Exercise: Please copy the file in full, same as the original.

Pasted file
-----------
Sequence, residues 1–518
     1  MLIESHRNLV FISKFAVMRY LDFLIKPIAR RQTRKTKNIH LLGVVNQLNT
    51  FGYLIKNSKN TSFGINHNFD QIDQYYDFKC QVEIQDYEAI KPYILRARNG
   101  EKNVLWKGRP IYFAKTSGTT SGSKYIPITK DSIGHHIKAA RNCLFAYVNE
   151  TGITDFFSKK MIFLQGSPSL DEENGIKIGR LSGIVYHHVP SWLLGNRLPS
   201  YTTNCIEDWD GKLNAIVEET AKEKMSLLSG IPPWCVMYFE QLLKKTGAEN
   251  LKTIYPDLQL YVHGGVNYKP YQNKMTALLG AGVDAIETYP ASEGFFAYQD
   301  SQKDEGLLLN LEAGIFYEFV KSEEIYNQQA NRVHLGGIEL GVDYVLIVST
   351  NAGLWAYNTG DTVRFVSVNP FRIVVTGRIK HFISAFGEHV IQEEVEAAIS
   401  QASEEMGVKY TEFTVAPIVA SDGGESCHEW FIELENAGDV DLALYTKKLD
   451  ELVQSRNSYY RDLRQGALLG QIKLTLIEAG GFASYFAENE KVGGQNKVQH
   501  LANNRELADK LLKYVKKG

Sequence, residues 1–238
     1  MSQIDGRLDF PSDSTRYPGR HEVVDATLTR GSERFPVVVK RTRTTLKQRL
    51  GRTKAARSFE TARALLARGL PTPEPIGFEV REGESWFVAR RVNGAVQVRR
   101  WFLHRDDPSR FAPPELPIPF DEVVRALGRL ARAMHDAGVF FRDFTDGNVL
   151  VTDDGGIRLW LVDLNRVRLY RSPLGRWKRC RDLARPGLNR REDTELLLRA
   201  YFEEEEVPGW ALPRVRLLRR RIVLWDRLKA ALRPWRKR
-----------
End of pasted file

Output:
Sequence, residues 1–518
     1  MLIESHRNLV FISKFAVMRY LDFLIKPIAR RQTRKTKNIH LLGVVNQLNT
    51  FGYLIKNSKN TSFGINHNFD QIDQYYDFKC QVEIQDYEAI KPYILRARNG
   101  EKNVLWKGRP IYFAKTSGTT SGSKYIPITK DSIGHHIKAA RNCLFAYVNE
   151  TGITDFFSKK MIFLQGSPSL DEENGIKIGR LSGIVYHHVP SWLLGNRLPS
   201  YTTNCIEDWD GKLNAIVEET AKEKMSLLSG IPPWCVMYFE QLLKKTGAEN
   251  LKTIYPDLQL YVHGGVNYKP YQNKMTALLG AGVDAIETYP ASEGFFAYQD
   301  SQKDEGLLLN LEAGIFYEFV KSEEIYNQQA NRVHLGGIEL GVDYVLIVST
   351  NAGLWAYNTG DTVRFVSVNP FRIVVTGRIK HFISAFGEHV IQEEVEAAIS
   401  QASEEMGVKY TEFTVAPIVA SDGGESCHEW FIELENAGDV DLALYTKKLD
   451  ELVQSRNSYY RDLRQGALLG QIKLTLIEAG GFASYFAENE KVGGQNKVQH
   501  LANNRELADK LLKYVKKG

Sequence, residues 1–238
     1  MSQIDGRLDF PSDSTRYPGR HEVVDATLTR GSERFPVVVK RTRTTLKQRL
    51  GRTKAARSFE TARALLARGL PTPEPIGFEV REGESWFVAR RVNGAVQVRR
   101  WFLHRDDPSR FAPPELPIPF DEVVRALGRL ARAMHDAGVF FRDFTDGNVL
   151  VTDDGGIRLW LVDLNRVRLY RSPLGRWKRC RDLARPGLNR REDTELLLRA
   201  YFEEEEVPGW ALPRVRLLRR RIVLWDRLKA ALRPWRKR